Now, that option wouldn’t have opened up without a lot of training. But the desire to go for it is the mind’s natural reaction to the training. That’s why there’s such an intimate relationship between the third and the fourth noble truths. That third truth is there to remind you of this possibility.
Some people say, “Why did the Buddha put the third noble truth, the end of suffering, prior to the path to the end?” It’s like a doctor’s diagnosis: The doctor describes the symptoms, tells you where the symptoms come from, and then tells you whether it is possible or not to cure the disease—by treating the cause. Once the doctor has established that possibility, then there’s the path—the treatment.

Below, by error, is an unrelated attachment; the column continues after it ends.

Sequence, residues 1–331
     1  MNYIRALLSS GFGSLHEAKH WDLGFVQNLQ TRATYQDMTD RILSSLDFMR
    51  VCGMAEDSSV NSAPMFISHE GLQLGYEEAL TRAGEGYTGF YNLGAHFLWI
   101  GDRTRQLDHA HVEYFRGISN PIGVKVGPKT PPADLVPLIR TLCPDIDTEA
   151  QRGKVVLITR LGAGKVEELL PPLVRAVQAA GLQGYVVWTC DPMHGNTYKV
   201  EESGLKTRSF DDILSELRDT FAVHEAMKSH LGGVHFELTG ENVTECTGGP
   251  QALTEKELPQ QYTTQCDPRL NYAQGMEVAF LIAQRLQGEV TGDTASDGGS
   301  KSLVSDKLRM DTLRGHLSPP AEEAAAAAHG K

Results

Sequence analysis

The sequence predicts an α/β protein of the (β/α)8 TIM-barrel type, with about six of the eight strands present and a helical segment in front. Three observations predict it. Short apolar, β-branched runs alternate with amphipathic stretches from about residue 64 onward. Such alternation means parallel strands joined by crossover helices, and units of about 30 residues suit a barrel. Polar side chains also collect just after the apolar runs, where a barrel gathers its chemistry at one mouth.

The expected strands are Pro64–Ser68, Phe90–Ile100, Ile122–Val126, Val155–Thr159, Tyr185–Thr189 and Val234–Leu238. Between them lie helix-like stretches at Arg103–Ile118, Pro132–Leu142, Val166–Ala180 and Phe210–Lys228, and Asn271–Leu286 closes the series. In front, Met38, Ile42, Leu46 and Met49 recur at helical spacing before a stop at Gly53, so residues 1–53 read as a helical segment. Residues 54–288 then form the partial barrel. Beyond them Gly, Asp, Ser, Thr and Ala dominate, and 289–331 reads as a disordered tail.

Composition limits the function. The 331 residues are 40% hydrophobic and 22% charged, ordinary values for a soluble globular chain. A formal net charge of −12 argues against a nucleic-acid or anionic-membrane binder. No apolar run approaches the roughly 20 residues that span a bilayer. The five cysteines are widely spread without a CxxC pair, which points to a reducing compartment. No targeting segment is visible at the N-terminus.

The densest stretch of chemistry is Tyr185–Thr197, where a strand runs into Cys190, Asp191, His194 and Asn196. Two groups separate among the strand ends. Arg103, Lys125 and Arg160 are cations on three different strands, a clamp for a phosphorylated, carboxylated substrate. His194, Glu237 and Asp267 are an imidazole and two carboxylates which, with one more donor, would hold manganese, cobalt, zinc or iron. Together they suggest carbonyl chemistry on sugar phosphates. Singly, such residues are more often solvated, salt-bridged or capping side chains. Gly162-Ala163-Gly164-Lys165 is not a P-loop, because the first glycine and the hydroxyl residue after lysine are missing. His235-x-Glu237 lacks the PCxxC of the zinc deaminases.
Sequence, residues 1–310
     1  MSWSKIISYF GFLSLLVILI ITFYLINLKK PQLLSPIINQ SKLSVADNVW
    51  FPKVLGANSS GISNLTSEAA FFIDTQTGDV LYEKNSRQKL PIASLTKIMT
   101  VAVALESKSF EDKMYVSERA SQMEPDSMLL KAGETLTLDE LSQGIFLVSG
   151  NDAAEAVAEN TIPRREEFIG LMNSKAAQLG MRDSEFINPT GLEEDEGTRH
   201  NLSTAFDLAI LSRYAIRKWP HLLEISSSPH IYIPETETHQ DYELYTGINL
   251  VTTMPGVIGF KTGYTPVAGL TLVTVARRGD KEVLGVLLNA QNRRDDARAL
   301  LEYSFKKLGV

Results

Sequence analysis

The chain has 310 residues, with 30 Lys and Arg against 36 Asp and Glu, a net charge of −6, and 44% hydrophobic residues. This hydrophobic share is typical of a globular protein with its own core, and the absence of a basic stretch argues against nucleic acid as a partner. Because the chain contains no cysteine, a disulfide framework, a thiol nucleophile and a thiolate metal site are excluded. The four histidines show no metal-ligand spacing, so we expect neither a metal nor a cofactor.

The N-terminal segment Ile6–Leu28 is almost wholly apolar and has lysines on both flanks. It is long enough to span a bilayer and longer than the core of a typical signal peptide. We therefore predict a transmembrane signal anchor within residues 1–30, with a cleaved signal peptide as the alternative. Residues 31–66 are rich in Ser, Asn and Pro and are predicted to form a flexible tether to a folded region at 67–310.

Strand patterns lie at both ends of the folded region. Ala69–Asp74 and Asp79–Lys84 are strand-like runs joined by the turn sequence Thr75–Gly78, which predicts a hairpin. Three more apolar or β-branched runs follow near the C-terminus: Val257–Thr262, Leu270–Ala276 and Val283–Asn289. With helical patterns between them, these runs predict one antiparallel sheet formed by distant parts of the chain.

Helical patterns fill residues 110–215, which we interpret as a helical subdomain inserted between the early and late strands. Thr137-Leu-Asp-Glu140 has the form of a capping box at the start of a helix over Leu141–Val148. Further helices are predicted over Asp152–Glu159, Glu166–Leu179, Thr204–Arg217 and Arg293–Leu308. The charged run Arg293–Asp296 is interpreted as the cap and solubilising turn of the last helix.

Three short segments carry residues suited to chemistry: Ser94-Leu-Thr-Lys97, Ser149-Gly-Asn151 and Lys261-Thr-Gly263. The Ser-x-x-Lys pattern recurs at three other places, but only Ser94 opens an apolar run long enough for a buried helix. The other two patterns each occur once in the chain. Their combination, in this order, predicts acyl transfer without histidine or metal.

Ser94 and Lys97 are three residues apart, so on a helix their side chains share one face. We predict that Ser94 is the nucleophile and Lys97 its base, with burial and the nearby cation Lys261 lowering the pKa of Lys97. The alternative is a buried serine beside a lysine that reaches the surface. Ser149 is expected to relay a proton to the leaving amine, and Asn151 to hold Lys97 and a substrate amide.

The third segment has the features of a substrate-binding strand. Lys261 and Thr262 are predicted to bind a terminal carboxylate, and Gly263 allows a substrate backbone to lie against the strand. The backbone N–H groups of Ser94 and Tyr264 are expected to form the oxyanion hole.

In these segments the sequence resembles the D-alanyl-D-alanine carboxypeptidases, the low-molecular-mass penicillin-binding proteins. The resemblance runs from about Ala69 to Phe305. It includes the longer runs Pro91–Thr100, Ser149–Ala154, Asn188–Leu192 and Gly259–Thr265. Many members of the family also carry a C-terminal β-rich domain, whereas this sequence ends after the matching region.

Now, as we’re meditating, we’re not focusing on nibbana. If you’re practicing jhana, you’re not even focusing on jhana, you’re focusing on your breath, but you’re focusing on the breath not for its own sake—it’s for the sake of the concentration, and you’re developing the concentration for the sake of something unfabricated.
Always keep that perspective in the back of your mind, that range of possibilities. Don’t close off possibilities for yourself. Always do your best to keep your best options open.